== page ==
Democratic candidates take the stage together for the first time as they jockey for position in the race to take on President Trump in 2020.2020 Electionsread more
The issue over health insurance marked the first stark divide among the candidates, and sparked a heated back-and-forth between many of the candidates on stage.Politicsread more
In a strategy to draw attention away from Wednesday's Democratic debate, President Donald Trump's reelection campaign bought out YouTube's "masthead," the leading...2020 Electionsread more
Virginia Sen. Mark Warner breaks down the idea behind a bipartisan bill he introduced to provide more transparency in Big Tech.Technologyread more
The Federal Aviation Administration said on Wednesday that is has found an issue with the Boeing 737 Max that the manufacturer must address before it lifts the grounding...Airlinesread more
Tesla is working on new battery cell designs, and a way to make their own cells, with R&D teams in a lab near its car plant in Fremont, California.Technologyread more
These attacks have given the public the opportunity to examine the problems associated with ransomware, where corporations -- not obligated to disclose these attacks -- have...Technologyread more
"As a private company we don't have the tools to make the Russian government stop," Facebook CEO Mark Zuckerberg said at the Aspen Ideas Conference on Wednesday. "We can...Technologyread more
Something unusual is happening in financial markets, and it could mean more gains lie ahead for stocks, if history is any indication.Marketsread more
Underneath the impressive market rally is a trend that doesn't seem quite right, according to J.P. Morgan.Marketsread more
Wi-Fi 6 will be the next-generation wireless standard. Along with 5G, it will represent the next big shift in connectivity and data, said Irving Tan, senior vice president and...Shaping the futureread more
The Federal Reserve can change how things look but "not how they are," the founder and editor of Grant's Interest Rate Observer said Wednesday, as Wall Street awaited the central bank's afternoon policy statement.
In an interview on CNBC's "Squawk Box, " Jim Grant said the consequences of the Fed's easy money stance since the financial crisis—or "price controls" as he calls them—play out silently. He's been a long-time proponent of normalizing rates.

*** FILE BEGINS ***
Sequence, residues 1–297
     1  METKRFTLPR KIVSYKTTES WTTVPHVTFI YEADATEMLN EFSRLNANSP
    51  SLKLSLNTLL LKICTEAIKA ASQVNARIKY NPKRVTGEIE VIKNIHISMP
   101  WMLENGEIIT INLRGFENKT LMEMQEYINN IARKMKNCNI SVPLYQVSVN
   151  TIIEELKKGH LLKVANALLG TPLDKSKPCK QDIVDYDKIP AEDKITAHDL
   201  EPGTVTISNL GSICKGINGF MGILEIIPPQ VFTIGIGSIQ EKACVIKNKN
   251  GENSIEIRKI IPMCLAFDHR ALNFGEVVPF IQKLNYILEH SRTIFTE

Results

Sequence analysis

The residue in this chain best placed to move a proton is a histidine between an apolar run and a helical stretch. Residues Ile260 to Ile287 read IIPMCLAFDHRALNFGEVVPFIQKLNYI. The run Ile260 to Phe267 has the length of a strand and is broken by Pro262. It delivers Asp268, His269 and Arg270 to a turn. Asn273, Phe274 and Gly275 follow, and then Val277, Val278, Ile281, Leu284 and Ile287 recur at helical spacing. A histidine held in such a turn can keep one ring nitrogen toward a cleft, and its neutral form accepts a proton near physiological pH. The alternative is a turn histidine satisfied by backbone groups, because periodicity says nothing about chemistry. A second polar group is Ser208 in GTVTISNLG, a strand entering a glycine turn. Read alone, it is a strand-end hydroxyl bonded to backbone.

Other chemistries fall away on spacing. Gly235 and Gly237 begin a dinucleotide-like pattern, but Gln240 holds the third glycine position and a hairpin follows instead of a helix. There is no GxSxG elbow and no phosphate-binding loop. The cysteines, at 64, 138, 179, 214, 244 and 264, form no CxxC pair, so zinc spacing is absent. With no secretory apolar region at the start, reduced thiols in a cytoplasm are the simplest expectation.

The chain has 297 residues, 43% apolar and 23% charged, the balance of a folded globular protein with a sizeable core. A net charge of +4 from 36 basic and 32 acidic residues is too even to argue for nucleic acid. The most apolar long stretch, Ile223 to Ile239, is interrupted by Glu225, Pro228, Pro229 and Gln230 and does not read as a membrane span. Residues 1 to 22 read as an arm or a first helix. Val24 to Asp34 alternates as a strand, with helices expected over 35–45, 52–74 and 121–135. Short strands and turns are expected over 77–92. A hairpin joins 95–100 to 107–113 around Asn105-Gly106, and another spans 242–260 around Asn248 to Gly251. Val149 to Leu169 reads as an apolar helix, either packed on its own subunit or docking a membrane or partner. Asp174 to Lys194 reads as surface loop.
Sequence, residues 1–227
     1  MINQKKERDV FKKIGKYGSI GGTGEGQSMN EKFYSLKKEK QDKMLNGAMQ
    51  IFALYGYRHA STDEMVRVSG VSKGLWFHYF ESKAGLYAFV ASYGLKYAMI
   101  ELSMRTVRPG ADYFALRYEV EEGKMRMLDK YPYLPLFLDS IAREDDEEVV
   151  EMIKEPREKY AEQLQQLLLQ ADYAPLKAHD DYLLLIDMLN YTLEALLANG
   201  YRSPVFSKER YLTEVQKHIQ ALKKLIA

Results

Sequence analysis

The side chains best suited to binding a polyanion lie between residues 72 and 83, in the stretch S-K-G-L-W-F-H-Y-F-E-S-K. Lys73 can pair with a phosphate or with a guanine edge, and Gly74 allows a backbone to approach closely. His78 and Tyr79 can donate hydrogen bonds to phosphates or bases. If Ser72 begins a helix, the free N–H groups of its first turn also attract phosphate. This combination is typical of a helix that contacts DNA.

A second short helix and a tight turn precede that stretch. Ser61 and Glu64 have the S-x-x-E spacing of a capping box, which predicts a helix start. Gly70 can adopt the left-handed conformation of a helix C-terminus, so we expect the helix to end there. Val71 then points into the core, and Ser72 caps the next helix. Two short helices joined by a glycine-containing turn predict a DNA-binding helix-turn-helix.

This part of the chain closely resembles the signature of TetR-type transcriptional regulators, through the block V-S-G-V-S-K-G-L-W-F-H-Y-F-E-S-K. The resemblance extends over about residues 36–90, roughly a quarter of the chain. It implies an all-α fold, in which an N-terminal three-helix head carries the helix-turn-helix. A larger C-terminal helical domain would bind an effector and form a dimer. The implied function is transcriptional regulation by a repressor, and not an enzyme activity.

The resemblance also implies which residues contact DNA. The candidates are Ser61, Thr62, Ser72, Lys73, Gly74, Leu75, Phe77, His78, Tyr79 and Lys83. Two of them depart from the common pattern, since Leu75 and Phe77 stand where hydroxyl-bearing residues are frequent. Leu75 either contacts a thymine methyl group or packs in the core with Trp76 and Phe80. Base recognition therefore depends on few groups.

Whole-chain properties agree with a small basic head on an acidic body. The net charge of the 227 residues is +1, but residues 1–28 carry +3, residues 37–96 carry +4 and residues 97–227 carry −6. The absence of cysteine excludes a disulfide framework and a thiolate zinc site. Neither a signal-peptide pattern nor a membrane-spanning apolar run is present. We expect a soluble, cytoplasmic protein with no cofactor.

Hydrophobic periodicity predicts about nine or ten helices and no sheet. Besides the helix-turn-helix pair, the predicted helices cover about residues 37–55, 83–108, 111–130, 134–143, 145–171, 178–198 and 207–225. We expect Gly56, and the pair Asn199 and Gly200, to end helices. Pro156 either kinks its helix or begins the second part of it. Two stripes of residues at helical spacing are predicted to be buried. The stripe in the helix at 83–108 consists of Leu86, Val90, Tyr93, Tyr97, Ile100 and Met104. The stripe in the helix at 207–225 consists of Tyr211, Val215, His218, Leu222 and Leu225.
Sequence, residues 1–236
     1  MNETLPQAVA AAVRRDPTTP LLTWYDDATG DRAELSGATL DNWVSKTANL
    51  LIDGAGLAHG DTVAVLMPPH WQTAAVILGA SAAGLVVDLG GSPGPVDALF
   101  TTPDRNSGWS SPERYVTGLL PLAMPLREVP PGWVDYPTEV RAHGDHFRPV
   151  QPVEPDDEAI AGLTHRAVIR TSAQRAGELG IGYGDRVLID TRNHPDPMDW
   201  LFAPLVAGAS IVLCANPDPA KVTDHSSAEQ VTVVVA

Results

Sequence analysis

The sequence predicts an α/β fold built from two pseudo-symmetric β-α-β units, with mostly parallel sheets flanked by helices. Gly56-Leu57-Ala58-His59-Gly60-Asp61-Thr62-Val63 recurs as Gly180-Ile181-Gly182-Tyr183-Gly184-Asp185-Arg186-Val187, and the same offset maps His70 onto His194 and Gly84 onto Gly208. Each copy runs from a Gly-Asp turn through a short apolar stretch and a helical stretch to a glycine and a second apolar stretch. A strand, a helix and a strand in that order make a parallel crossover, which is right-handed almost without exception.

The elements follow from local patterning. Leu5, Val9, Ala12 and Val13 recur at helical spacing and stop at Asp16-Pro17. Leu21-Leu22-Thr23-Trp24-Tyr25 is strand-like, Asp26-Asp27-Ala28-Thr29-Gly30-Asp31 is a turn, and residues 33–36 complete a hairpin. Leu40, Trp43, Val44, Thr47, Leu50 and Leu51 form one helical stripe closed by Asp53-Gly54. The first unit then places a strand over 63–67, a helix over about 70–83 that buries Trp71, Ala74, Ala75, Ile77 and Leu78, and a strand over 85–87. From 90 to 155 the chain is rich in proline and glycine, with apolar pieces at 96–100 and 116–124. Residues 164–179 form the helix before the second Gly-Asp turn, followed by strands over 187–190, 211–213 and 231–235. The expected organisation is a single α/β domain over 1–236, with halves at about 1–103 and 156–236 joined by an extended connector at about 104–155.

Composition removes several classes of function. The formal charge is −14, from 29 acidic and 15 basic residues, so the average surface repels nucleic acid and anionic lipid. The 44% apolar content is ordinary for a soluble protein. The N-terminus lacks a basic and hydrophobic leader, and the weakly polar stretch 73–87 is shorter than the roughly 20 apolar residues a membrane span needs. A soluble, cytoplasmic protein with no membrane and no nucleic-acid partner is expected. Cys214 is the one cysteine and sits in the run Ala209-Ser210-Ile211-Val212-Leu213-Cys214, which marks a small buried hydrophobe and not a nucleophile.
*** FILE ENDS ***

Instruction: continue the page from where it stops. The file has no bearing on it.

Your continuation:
"Central banks the world over have been suppressing [rates], manipulating them, and otherwise manhandling them," Grant argued, predicting "this experiment will end in failure" because price controls never work.
Many market participants expect the Fed to remove the word "patient" from the debate on when to increase interest rates for the first time in nearly a decade. June has been seen as a possible start date.
The Fed started cutting rates in 2007, and they are now at near-zero percent levels.
Despite his personal views, Grant believes central bankers won't remove "patient," because of the strong dollar and a weaker underlying economy. "The surprise might be that the Fed reverts to its now very familiar stance of ease."
He pointed to a rolling forecasting model by the Atlanta Fed for real GDP after the release of major economic numbers. The model estimates a first quarter seasonally adjusted annual growth rate of 0.3 percent.
It's possible history could vindicate the central bank's extraordinary moves, Grant acknowledged.
But he said he worries about the precedent that's been set. In the event of a future economic crisis or a bear market in stocks, the Fed would be "duty-bound to re-enter the market just as forcefully as it has done since 2007," he said.
"The virus of radical monetary policy is in the political bloodstream, meaning we can't go back now," he continued. "They're bound to come back and do more."